HIS 4399 – Twentieth Century World History
Final take-home exam
For the purposes of this exam, any information presented in class (i.e. what I presented in the lectures and what was seen/heard in the videos—at any point thus far in the semester) should be considered common knowledge. All additional information, whether taken from the scheduled online readings or the Watson text should be cited correctly using either MLA or Chicago style. (Failure to cite correctly in one of these styles will lower your exam grade.)
There is no need to use additional information in writing the essay. (Clarification: Do not use any additional sources in answering the question. If you do, expect your grade to suffer accordingly.)
Remember that good essays rely on source information in formulating arguments.
Your essay should be double-spaced, 12-point Times font, 1-inch margins all around with numbered pages. Essays will not be longer than 6 pages, exclusive of the works cited/Bibliography page. (Clarification: 6 pages and one line on page 7 is not acceptable. No shrinking fonts either!)
Essays must be turned in via Blackboard by 7pm on Tuesday, May 15. (Clarification: If you’re feeling out-of-sorts or a family member, child, friend or pet seems to be coming down with Swine Flu or you have an inkling that a sink hole is going to devour your house, get it turned in early—late exam essays will not be accepted.)
Grading: Essays will be marked following the standard History Essay/Research Paper Rubric.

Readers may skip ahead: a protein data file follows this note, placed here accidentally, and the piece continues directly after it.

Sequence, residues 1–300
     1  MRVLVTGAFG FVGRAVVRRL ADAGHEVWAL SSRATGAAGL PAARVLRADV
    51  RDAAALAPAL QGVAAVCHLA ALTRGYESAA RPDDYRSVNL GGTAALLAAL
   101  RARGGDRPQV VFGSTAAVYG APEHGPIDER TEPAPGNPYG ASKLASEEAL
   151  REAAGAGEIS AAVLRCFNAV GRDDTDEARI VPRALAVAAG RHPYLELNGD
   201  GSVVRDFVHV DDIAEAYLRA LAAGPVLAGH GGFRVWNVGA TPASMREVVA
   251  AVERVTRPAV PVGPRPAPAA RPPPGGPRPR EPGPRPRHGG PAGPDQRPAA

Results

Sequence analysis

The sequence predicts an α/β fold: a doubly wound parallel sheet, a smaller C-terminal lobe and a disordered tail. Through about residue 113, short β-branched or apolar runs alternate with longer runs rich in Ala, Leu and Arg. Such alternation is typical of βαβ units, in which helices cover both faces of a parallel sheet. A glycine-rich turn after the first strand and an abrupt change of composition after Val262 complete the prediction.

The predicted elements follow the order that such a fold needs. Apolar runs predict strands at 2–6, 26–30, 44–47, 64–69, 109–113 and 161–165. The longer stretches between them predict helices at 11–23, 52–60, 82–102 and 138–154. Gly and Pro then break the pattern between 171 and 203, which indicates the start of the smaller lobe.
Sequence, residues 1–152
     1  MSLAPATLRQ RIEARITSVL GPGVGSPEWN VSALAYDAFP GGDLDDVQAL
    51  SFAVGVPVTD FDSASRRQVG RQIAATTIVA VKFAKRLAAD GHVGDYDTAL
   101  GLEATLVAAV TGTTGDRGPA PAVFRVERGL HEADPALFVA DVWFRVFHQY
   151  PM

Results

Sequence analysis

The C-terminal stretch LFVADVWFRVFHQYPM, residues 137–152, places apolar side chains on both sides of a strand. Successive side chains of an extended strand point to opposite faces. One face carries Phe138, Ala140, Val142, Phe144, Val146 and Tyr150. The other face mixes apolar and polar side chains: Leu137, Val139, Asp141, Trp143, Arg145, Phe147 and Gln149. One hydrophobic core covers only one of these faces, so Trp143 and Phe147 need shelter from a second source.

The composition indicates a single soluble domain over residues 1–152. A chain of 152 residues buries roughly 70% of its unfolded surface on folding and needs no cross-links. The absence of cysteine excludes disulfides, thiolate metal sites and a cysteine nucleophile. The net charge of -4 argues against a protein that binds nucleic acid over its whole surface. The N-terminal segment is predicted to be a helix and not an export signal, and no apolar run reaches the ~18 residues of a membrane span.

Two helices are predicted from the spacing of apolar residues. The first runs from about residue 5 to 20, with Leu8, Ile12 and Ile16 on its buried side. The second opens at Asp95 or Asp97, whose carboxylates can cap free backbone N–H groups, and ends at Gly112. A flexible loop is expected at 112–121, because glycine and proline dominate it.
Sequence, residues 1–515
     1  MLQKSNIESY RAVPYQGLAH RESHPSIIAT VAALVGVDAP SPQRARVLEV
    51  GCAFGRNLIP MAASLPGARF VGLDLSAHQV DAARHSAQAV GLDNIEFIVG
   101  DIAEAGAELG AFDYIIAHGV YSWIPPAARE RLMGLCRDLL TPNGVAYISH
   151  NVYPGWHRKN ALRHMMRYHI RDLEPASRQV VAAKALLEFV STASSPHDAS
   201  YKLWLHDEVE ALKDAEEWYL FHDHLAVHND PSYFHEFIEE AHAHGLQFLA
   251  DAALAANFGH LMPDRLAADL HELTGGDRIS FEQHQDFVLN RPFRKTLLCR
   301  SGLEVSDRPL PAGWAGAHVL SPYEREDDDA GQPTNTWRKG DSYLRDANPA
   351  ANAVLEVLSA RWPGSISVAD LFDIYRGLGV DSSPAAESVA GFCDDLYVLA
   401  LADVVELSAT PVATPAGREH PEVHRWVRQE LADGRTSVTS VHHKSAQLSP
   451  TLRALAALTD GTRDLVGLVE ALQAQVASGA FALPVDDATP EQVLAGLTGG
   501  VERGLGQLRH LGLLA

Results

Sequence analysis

Introduction to the question:
At the start of the semester students determined (and wrote about) what they considered the most significant event of the twentieth century.
Now that we have finished both the overview of major events in the century (lectures) as well as the intellectual currents of the century, you will do one of the following:
A) Argue that your original thesis/argument was incorrect/misguided and in light of your new-found wisdom (i.e. material from the class), make an argument for a different event as most significant. You will describe the event and its immediate implications and then use the Watson text to show a deeper (and possibly more enduring) intellectual significance.
B) You are brilliant and you nailed the event from the start of the term. You will describe the event and its immediate implications and then use the Watson text to show a deeper (and possibly more enduring) intellectual significance.